The project is expected to generate 819GWh of clean energy every year which will be enough to power approximately 57,000 Texan households
Canadian renewable energy company Innergex Renewable Energy has achieved closing of construction financing and tax equity commitment for the 225MW Griffin Trail wind project located in Knox and Baylor Counties of Texas, the US.
The financing of $276.2m (C$354.5m) was arranged with Sumitomo Mitsui Banking Corporation, which acted as coordinating lead arranger, while CIBC served as the joint lead arranger.
Wells Fargo gave a $171.4m (C$220m) tax equity commitment, which will be provided upon the commercial operation date.
Innergex president and chief executive officer Michel Letellier said: “It was only a few months ago, when the U.S. Production Tax Credits deadlines were extended, that we knew we were in a strong position to bring Griffin Trail forward, and we have since made rapid progress on development and construction.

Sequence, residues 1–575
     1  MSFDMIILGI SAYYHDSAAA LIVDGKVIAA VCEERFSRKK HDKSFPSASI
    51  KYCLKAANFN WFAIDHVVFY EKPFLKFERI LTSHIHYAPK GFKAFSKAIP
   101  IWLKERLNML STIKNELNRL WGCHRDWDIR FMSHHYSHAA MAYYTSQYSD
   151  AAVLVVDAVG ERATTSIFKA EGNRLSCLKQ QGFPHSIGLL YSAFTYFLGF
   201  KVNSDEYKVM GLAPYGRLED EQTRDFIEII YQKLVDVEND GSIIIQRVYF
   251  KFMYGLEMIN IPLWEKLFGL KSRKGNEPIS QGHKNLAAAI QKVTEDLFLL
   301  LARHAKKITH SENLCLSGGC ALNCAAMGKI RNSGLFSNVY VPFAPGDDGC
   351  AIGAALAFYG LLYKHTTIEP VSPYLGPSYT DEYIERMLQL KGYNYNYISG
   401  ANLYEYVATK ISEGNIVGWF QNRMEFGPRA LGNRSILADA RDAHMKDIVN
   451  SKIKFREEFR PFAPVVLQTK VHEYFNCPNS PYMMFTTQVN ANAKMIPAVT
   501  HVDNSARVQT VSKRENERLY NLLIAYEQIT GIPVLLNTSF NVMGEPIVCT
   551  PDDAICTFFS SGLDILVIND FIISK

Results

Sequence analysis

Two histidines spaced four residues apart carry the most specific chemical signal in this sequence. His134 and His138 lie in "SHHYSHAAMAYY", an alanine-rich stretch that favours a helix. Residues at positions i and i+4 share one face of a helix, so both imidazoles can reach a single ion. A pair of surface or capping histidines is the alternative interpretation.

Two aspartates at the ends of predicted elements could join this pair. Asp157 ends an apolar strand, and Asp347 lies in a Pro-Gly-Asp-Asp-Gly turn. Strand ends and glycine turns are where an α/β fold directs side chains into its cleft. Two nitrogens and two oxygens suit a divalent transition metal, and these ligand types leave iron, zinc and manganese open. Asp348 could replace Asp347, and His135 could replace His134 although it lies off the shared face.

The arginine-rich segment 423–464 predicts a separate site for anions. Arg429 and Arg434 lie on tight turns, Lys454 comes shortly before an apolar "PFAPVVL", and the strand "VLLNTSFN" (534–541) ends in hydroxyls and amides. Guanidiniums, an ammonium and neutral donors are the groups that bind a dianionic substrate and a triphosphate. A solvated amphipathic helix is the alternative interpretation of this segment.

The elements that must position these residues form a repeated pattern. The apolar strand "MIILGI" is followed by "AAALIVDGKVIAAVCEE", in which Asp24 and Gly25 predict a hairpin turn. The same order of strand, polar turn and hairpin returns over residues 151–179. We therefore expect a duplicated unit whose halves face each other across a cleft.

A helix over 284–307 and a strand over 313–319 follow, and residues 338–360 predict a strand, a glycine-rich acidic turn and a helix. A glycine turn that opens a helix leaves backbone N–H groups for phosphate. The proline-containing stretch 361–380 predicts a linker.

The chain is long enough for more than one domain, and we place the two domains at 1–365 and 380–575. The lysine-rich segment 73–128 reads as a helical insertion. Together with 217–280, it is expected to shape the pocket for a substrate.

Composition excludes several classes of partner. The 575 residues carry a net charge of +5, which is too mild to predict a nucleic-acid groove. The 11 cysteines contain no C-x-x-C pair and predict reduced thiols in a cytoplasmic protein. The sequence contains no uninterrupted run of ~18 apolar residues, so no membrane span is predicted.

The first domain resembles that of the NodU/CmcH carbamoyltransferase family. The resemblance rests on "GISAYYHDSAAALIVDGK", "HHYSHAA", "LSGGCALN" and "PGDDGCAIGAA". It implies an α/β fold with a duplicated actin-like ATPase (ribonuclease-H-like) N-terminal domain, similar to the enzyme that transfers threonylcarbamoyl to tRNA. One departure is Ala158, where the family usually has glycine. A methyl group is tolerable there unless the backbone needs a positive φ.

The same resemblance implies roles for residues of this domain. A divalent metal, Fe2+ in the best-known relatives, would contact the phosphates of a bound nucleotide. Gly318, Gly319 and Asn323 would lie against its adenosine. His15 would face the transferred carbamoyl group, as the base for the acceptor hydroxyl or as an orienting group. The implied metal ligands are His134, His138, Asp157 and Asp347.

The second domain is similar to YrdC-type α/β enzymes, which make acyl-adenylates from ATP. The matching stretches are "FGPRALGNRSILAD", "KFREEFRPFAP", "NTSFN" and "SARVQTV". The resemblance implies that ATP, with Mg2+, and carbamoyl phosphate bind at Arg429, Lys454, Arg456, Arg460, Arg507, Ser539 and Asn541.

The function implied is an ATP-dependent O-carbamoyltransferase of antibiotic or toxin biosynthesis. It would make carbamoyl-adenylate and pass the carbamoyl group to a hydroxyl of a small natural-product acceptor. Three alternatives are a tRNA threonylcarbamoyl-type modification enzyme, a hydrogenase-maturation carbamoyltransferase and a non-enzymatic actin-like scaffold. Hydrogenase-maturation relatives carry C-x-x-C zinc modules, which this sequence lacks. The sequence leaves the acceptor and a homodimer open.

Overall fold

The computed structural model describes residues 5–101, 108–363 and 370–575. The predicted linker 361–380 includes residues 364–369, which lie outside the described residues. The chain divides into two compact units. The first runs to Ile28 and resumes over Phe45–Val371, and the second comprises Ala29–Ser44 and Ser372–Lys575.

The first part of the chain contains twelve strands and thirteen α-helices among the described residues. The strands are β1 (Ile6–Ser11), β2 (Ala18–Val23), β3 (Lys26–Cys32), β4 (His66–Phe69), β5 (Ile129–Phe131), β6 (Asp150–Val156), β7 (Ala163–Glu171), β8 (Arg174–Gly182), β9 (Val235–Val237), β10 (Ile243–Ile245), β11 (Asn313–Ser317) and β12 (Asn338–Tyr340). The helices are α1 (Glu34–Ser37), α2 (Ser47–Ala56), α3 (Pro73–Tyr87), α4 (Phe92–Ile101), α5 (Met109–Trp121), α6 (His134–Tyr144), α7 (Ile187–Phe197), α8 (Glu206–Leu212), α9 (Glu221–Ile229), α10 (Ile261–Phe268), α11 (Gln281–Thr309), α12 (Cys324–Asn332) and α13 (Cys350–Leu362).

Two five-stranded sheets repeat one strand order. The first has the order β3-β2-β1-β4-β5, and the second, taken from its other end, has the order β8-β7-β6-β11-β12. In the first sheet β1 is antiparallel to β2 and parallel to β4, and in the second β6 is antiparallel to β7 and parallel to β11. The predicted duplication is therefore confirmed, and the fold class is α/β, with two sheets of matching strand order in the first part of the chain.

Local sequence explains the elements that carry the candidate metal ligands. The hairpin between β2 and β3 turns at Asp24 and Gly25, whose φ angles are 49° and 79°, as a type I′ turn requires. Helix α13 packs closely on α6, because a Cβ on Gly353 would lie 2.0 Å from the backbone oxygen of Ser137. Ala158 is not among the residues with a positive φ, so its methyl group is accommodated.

“Securing construction financing and tax equity commitment for this project is another milestone, and I want to congratulate all Innergex employees who contributed to this significant team effort.”
Work on the project started in September this year, with operations and maintenance building and road construction works underway, and almost 50% of the foundations have been completed.
The agreement for the construction of the project has been executed with Blattner Energy.
A supply agreement has been executed with GE, which will deliver the wind turbines from January next year.
A local transmission provider is working on construction of the interconnection point, while deliveries of long-lead items have already started.
Griffin Trail project is expected to be commissioned in Q3 2021.
The total construction cost is estimated to be about $284.7m (C$365.4m).
The power produced by the wind farm will be fed into the ERCOT transmission grid, and sold on the spot market.
This project is expected to generate an average of 819.0GWh of clean energy every year, which will be enough to power approximately 57,000 Texan households.